The E39 M5 was a groundbreaking car when it was released. Touted as the most powerful sedan in production, it certainly performed with more than 400 hp on tap from an individual throttle body-equipped V-8, coupled to a 6-speed manual gearbox in a RWD layout with clutch-type LSD. Fast-forward 11 years and, on paper, the E39 M5 doesn't look like anything special, but it most certainly is. With a traction control system that can be fully disabled with one button and an engine that makes its own noises without help from the stereo, there is definite beauty in its simplicity. It's fun to slide, comfortable to drive, and is quite the bargain these days.
When starting with a car of this caliber, most all of the components used are of very high quality, and it can be easy to go backward with "upgrades." Picking the right wheel/tire package for this car was a challenge. Many wheel designs don't suit the body and end up looking substandard compared to the stock wheels. Nineteen-inch BBS CHRs (19x9 +20 front, 19x10.5 +25 rear) with the appropriate 74.1mm hubcentric rings in Titanium Gunmetal set off the car perfectly. One issue that came up during installation is the inside of the rear tire touches the plastic inner fender liner with the suspension at full droop. The stock dampers have what I consider excessive droop travel, and this interference only ever becomes an issue when up in the air. The rear wheels are already nice and flush without any spacers, so a rear damper with less droop seems to be the best solution.
The right tire makes a huge difference in how a car of this caliber is enjoyed. I wanted something quiet and comfortable for long trips, but with good response and ultimate grip for spirited driving, all while offering excellent wet-weather traction. Some say you can't have it all, but I have been thoroughly impressed with the new Yokohama Advan Sport. Despite the shorter sidewalls on the 265/35R19 front and 285/30R19 rear, there was very little compromise to the ride quality.
The Advan Sport V105 uses a heap of technology to achieve such a well-balanced tire. The Matrix Rayon Body Ply incorporates lessons learned from Yokohama's race tire lineup and uses body plies constructed of lightweight, heat-resistant material turned up from the sidewall at a precise angle to provide increased rigidity and enhanced steering precision. This explains the excellent response the tire offers during hard cornering. A variable pitch tread design is used to reduce tire noise and most certainly does work to provide a quiet and comfortable ride. The Sport Compound 5S is composed of Orange Oil, Micro Silica, Silica dispersant, and chemically bonded polymer, all of which combine to offer excellent dry- and wet-weather grip. I've currently racked up about 3,000 miles on the tires, so I can't give a good indication on wear but have not seen anything unusual so far.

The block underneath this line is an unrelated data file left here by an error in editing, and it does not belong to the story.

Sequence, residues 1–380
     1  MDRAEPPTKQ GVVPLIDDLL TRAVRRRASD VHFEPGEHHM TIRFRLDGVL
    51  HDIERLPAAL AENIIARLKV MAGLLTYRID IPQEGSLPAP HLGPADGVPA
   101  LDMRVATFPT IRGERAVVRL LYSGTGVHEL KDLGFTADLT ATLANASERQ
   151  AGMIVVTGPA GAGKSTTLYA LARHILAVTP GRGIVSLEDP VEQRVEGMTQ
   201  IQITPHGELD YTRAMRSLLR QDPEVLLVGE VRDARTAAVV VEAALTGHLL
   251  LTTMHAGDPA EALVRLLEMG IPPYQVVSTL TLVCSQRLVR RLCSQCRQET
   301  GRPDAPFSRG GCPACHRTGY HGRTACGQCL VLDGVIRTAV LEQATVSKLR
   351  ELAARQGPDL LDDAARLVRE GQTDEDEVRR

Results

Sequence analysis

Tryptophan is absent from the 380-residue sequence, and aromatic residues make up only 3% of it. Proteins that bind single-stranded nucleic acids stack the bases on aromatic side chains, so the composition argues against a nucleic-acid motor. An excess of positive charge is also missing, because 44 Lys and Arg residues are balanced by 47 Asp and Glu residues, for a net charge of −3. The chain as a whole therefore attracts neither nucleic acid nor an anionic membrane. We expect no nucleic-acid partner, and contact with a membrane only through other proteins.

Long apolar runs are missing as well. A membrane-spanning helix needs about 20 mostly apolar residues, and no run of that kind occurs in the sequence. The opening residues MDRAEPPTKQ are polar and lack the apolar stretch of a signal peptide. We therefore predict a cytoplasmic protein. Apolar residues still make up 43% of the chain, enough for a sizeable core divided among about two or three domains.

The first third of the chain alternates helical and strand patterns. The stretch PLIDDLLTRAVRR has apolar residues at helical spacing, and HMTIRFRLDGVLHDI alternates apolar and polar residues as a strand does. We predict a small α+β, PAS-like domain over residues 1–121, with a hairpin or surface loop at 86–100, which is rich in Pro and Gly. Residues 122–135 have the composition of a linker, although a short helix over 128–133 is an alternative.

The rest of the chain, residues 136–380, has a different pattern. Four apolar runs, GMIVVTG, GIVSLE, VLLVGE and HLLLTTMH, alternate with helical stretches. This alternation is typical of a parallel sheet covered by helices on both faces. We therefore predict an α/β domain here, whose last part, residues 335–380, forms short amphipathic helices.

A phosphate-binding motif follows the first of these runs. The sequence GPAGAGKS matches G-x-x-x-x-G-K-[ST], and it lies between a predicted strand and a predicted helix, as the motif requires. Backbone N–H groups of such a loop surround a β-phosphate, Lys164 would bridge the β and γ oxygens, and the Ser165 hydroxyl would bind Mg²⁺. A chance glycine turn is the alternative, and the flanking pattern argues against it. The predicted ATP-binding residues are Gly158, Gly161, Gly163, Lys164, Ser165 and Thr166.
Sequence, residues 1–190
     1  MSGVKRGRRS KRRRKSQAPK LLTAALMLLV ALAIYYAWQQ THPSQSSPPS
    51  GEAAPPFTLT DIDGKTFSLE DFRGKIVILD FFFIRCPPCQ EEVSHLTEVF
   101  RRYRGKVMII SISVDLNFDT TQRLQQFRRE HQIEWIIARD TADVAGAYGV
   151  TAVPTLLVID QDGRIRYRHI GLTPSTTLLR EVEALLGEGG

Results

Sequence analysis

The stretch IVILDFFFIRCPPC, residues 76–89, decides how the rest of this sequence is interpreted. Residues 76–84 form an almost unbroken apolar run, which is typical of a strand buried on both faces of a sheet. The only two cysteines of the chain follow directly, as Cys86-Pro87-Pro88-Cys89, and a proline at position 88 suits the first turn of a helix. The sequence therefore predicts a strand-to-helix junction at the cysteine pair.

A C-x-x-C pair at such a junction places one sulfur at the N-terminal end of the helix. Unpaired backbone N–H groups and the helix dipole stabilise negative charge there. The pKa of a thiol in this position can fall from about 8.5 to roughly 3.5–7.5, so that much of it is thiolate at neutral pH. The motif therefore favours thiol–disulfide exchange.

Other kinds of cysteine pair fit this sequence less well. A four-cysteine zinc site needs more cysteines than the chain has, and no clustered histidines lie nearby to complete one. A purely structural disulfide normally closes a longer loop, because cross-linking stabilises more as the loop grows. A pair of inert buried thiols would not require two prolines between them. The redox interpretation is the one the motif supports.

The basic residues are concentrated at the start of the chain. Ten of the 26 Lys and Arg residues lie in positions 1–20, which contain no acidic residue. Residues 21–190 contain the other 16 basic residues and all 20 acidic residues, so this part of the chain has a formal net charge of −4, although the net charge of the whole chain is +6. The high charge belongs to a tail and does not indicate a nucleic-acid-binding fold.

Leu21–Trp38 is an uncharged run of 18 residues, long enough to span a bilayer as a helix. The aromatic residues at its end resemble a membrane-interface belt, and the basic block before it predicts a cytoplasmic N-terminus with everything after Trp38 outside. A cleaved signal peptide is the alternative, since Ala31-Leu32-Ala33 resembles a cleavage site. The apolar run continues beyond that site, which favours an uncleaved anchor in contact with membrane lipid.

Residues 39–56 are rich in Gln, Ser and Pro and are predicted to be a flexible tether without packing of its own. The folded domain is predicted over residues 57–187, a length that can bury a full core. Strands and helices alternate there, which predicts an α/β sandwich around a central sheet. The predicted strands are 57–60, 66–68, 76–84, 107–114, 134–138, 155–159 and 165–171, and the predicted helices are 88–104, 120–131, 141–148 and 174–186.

Sliding-type brake calipers are flexible by design and often create a vague pedal feel while being awkward to service, even if they aren't all seized. You can't beat a fixed, opposed piston caliper, and it's surprising a car like the M5 doesn't come factory equipped with such a setup. Fortunately, AP Racing has a bolt-on solution to address this.
We ordered up AP's 6-piston front kit and had them build up a custom 4-piston rear kit for our application. I requested the kits be fitted with Hawk HPS pads for excellent street manners, and installation was a straightforward bolt-on affair with complete, pre-assembled, two-piece rotor with aluminum center and Goodridge DOT-approved stainless braided brake lines. Unfortunately, the same can't be said for the rear. The caliper throat center did not line up with the rotor center, and I was unable to install the kit. It's a shame, as the rear kit is a really nice setup, maintaining the factory drum-type E brake.
Fortunately, AP designs the front kit to work as a standalone unit and it's fully compatible with the factory master cylinder and ABS system. I measured the piston sizes, and the total area is actually slightly smaller than the stock single piston. (Make sure to double the area of the single-piston slider when comparing to an opposed-piston-type caliper.) This all adds up to a firm pedal with slightly less travel and feels great on the road. Our before and after stopping tests recorded with an AIM SOLO did show a reduction in stopping distance of about 5 feet. But the biggest gains can be found after extended stops where the increased thermal mass of the brake package and fresh Gulf Competition RF1000 brake fluid can handle the heat better and maintain consistent stopping distances. They look great behind the BBS CHRs and fit without any clearance issues.
The upgrades installed on the M5 have improved performance without any drawbacks, which can be a rare find these days. The car now inspires confidence in the corners and puts down power well, all while maintaining a quiet, comfortable ride and looks great doing it.